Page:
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Koju'a singing
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FvR:  Did he sing any other koju’a songs.

JF:   No only those two.

FvR:  What about people generally just dancing, not at a special performance but just having fun and
socializing.

JF.   Well that stopped for a little while and then it started going again.  And now it is popular.  We love dancing because our parents brought us up to enjoy it.

When our father passed away, everybody went different ways.  Nobody danced after that. so finally me and Joey sat down. He said, “You know Joany we have to keep our dances. Why aren’t we dancing anymore.” So we decided to start again. We feel proud and happy to be able to do what we love most in our lives which is dancing, koju’a. Our parents taught us the dances and now we are passing it down to our children and grandchildren.

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TS:   Did you also learn to sing?

JF:    Joey [Joan’s late brother] used to sing koju’a. Last time, when he wasn’t there anymore, I put on a tape of his singing and I danced to it. He used to sing all kinds of songs. He was working on learning the song Bringing Mary Home in Mi’kmaq, but he didn’t finish it [before he died]. That’s my mother’s name – Mary.

Right now a lot of my nieces and nephews in Wycogomah are dancing koju’a. When we have powwows, they get all dressed up in regalia.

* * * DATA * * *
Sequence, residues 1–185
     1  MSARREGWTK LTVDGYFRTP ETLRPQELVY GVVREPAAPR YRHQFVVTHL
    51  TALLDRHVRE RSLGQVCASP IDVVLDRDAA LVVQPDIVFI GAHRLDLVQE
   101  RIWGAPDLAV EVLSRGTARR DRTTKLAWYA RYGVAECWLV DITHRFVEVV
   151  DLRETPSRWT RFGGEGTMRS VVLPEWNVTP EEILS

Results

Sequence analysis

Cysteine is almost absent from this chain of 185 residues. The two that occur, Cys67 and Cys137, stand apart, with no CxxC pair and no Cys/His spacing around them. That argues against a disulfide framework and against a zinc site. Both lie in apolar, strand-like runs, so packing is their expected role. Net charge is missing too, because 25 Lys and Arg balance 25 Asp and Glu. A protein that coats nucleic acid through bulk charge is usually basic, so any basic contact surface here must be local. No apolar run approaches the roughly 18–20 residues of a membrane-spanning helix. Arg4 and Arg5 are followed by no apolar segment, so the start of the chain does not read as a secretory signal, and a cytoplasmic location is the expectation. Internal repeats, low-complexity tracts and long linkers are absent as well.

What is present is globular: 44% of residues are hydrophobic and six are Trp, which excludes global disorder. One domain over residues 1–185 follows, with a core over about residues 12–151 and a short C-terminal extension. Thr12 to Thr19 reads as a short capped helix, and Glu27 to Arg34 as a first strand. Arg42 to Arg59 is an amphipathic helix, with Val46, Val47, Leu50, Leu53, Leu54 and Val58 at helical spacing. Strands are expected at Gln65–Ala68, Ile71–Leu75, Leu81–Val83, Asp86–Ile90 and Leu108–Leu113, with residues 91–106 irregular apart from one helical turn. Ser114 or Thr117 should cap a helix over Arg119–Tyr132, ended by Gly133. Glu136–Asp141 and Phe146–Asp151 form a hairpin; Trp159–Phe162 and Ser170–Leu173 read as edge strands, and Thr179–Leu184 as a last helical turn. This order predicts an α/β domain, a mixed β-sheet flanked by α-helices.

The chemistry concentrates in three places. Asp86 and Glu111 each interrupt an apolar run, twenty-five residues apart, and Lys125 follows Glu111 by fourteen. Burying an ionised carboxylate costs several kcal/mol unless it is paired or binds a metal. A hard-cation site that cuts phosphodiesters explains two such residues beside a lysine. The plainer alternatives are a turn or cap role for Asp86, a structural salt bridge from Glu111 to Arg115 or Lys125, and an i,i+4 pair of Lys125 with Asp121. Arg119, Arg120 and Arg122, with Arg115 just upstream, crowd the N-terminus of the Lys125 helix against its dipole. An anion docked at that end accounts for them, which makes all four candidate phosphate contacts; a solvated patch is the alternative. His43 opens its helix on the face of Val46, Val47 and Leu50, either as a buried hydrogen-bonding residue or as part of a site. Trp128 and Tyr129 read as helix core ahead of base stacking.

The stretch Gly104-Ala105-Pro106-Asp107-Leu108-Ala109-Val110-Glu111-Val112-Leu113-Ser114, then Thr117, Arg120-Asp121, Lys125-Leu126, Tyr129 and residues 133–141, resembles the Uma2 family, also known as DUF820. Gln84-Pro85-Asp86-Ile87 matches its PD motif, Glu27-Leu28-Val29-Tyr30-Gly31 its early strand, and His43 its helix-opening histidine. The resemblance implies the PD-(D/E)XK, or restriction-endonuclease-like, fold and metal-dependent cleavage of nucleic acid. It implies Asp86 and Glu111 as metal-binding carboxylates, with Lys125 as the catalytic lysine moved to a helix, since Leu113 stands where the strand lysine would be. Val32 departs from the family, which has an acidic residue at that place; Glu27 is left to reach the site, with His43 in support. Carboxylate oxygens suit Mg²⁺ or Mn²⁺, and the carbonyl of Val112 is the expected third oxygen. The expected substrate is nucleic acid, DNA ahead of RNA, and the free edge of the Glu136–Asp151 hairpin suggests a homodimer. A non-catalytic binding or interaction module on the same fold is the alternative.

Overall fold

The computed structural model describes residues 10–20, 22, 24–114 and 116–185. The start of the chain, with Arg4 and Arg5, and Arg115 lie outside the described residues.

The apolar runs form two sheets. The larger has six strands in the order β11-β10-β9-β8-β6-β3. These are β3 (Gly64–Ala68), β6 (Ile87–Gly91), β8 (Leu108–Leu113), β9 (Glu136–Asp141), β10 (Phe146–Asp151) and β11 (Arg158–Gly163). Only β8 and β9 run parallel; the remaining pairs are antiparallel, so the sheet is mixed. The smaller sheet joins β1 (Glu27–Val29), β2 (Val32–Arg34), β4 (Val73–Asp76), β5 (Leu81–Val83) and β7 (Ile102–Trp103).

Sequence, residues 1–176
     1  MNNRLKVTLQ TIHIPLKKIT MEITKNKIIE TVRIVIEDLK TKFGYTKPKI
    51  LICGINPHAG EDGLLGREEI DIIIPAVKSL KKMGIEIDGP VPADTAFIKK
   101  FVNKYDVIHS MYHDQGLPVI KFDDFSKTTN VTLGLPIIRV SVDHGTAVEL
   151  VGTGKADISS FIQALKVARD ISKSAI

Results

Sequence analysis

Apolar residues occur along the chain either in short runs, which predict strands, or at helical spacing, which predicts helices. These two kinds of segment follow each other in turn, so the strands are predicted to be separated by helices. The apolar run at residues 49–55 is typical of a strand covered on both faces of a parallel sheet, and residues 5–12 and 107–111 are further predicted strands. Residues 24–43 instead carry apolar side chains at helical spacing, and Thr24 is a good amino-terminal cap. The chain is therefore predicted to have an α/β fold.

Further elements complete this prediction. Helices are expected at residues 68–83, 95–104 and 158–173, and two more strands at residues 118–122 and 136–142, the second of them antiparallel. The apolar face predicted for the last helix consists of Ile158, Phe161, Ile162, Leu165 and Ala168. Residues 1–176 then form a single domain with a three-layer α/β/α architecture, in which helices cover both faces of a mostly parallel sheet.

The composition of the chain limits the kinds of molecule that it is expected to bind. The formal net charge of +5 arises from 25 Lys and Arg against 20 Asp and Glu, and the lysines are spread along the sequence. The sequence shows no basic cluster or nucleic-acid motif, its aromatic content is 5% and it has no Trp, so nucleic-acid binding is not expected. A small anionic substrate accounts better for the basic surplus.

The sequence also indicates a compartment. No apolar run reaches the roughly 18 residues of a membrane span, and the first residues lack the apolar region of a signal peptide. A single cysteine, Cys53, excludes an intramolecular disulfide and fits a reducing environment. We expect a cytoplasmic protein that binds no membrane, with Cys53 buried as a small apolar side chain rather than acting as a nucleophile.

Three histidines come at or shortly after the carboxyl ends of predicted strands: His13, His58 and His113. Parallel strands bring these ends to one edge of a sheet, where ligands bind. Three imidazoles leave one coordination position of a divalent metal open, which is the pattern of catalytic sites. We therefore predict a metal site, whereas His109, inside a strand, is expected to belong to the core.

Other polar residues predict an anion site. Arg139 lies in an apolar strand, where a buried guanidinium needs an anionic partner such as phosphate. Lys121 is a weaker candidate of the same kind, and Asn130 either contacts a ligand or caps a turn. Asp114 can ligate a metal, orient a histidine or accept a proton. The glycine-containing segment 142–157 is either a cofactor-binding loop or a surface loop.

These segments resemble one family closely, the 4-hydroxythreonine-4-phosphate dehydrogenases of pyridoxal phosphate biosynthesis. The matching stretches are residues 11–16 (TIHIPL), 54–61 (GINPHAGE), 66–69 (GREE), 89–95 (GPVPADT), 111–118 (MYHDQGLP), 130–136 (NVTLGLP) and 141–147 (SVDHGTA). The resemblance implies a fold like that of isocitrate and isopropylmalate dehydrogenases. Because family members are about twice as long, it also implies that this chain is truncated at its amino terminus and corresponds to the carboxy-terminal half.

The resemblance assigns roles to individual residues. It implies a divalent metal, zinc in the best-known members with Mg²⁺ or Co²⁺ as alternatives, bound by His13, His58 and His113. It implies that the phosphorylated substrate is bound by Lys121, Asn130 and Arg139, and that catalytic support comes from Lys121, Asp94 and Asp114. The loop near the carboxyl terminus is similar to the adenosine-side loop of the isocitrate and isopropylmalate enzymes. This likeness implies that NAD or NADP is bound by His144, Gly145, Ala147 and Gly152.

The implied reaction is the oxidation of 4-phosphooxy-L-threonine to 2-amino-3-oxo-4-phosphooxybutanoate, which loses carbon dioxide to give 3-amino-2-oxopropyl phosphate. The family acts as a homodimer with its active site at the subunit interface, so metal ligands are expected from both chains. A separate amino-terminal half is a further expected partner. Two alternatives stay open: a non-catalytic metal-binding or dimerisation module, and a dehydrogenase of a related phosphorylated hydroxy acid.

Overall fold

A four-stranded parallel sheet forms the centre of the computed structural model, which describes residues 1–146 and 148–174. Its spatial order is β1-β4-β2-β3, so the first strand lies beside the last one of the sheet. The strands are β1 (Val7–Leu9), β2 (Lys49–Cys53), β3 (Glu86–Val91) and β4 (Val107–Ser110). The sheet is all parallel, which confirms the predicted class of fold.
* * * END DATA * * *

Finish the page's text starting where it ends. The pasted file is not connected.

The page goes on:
FvR:  So at powwows you dance koju’a?

JF:   Well they start the powwows with the grand entry and then the honour song and then they do the other songs afterwards. I would like to see the grand entry and then start with the koju’a and have the other dances afterwards. To me that’s the tradition – koju’a. It has been around a long time. But they are doing it now at our powwows.

FvR: Tell us a bit about your regalia.

JF:  I have all the traditional colours that we use today – red, black, and white. and my moccasins are made from deer skin. I have two regalia. One I wear for performances and the other for powwow dancing. You see when I dance koju’a I feel most comfortable in our regalia.

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TS:    Do you wear a shawl?

JF:    Yes I have a red shawl.

FvR:  What about the dancing competitions they used to have here?

JF:    They had a koju’a competition here a couple of years ago.  And they did men’s and lady’s competition dancing. The judges, elders, picked the best dancers. So I won the first prize and Joey won the men’s.

TS:    When you learned to dance as a child did they teach you to dance in a different way than the boys or men?

JF:    Same steps. I dance like my twin brother [Ricky]. When you see us dancing we are both the same. Joey was a bit faster than we were.

Now I teach my grandchildren. I put them on my lap and start singing. Then they start the dance steps and I show them how to move. They love it.

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This project was made possible with the support of the Department of Canadian Heritage through Canadian Culture Online